Waterloo Wonders doc premieres at OUS
Published 11:38 am Tuesday, October 21, 2008
The games are long over and the team members have passed away but the legend of the Waterloo Wonders is still going strong.
On Monday, Ohio University Southern was the site of the premiere of “The Eighth Wonder: The Waterloo Wonders,” a documentary about how a small Lawrence County school’s basketball team lived up to their names in the midst of the Great Depression.
The Waterloo Wonders brought a new style of basketball to the court and not only beat other high school teams but a couple of college ones as well. They won the 1934 and 1935 Class B State Championships, with an overall record of 97 wins and 3 losses.
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Cheri Russo, the managing editor for the WOUB news department, produced and directed “The Eighth Wonder: The Waterloo Wonders.” She was a bit nervous by the event because this is the first premiere she’s ever had.
“I’m doing OK, just nervous because I want everyone to like it,” she said. “This is a special story and I want to do it justice.”
Nick Parsons was the videographer and editor for the documentary. He said he had never heard of the Waterloo Wonders but thought it sounded like a cool story.
“We traveled all over Ohio to make this,” he said. “I’m nervous. There is a ton of people and it is just cool to realize how big of a story this really is.”
Over 250 people came out for the documentary and at times it seemed like a class reunion with people running into people they hadn’t seen in years.
Richard Newman came out with his Waterloo Wonders start up jacket.
“It’s a bit snug but I can still wear it,” he said. Newman was on the Wonders basketball team in from 1957-1960. There were only seven of the starter jackets and Newman isn’t sure if any others have survived.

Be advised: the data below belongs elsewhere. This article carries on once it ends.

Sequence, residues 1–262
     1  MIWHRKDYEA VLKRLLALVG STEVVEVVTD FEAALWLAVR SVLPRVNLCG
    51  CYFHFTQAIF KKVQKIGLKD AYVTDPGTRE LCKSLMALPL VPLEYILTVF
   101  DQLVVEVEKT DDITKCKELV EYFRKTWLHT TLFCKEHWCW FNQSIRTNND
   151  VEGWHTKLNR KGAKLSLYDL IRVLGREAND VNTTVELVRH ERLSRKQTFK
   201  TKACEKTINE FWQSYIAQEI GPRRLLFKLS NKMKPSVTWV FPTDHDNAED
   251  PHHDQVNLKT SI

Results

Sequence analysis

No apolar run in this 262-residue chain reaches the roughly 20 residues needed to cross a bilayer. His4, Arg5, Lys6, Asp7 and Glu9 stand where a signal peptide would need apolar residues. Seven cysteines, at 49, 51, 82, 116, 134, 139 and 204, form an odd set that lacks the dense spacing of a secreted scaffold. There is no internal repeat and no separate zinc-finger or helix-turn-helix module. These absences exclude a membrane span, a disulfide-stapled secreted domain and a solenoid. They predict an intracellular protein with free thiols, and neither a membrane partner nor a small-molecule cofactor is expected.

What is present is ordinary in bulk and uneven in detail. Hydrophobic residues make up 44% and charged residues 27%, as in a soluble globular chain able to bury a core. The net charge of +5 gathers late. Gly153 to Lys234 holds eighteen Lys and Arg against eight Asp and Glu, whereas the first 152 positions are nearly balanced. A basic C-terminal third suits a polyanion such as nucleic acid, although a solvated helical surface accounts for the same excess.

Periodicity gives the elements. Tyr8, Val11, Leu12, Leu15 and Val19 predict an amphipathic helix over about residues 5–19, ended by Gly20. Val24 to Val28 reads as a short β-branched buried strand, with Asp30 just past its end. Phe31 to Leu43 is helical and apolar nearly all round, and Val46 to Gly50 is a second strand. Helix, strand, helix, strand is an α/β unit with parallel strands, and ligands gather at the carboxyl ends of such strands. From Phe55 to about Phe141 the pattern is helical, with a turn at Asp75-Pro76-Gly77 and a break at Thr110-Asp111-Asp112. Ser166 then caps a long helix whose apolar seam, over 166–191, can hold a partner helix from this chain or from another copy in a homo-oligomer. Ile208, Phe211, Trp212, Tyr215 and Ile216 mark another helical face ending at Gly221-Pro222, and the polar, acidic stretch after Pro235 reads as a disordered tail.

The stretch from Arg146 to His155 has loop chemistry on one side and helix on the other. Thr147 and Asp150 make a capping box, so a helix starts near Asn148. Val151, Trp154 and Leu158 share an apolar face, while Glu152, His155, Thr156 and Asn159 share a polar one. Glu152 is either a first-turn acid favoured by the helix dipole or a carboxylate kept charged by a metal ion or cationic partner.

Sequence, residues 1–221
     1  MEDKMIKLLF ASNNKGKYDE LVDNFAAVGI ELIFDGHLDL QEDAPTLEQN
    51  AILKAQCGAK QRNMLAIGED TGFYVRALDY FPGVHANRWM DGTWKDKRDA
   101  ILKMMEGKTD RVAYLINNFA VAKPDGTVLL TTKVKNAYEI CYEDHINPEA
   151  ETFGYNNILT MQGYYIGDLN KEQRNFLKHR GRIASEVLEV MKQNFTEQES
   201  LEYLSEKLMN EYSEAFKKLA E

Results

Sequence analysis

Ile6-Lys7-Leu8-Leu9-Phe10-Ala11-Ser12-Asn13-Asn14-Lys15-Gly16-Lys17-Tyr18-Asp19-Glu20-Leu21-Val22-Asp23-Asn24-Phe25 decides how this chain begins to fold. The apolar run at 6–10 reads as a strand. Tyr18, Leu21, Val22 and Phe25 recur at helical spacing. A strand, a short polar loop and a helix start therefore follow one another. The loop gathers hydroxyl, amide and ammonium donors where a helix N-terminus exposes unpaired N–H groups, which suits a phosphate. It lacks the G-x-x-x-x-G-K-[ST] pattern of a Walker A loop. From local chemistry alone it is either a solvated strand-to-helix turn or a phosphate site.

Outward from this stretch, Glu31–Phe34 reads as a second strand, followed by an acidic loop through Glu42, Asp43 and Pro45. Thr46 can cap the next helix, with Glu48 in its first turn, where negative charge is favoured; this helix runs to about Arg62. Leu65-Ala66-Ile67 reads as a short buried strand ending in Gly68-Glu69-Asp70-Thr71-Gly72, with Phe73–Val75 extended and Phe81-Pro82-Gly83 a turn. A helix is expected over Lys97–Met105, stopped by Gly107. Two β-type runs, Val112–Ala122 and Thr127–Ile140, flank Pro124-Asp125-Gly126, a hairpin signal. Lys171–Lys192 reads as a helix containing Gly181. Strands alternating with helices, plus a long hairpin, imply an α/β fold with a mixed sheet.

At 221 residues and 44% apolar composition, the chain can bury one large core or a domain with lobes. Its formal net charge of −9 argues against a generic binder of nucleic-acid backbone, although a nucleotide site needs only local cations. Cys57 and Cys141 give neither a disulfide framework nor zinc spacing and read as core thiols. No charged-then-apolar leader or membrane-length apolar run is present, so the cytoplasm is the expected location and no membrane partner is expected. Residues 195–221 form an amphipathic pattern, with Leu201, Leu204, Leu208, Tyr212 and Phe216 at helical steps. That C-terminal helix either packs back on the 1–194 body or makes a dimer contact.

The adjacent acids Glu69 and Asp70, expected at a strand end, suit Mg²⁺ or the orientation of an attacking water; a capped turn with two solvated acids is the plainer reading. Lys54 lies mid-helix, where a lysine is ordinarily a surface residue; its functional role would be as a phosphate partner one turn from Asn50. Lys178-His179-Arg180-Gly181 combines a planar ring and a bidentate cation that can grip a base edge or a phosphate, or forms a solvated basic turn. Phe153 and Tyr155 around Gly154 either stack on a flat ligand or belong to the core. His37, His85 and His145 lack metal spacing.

He wasn’t born when the team won the state championships but his uncle, Orlyn Roberts, and cousin, Wyman Roberts, played on the team. “I think this is great,” he said of the documentary. “I just wanted to make sure I was here for it.”
Dr. Bill Willan, OUS’s interim director, who came from Indiana and is quite familiar with the Milan High School who became the 1954 Indiana state champions and whose story was the basis for the movie “Hoosiers” said he was excited to learn more about the wonders.
“I’ve been up Route 141 and seen Waterloo so I’m really amazed to have such a team come from such a small place,” he said. “And we are really happy to have the premiere here and to share the history of the area with others. We are happy WOUB picked this story.”
Bob Wiseman, the son of the Waterloo Wonder’s Steward Wiseman, said he and his whole family were excited that a documentary had been made.
“We think this would be a great feature film, something like ‘Hoosiers,’” he said.
He said his father didn’t talk much about being on the team.
“To him, he had gone with the rest of his life,” he said. “He was just really modest about it.”
Bob didn’t really know about the team until he read the book “Waterloo Wonders” when he went to college.
He said this documentary would help keep the legend of the Waterloo Wonders going.
“The biggest shame was that there was never any footage of the games, not even championship games,” he said.
“The Eighth Wonder: The Waterloo Wonders” will air on Thursday, Nov. 6 at 9 p.m. and Wednesday, Nov. 26 at 8 p.m. on WOUB-TV.
For more information and a preview clip, go to woub.org.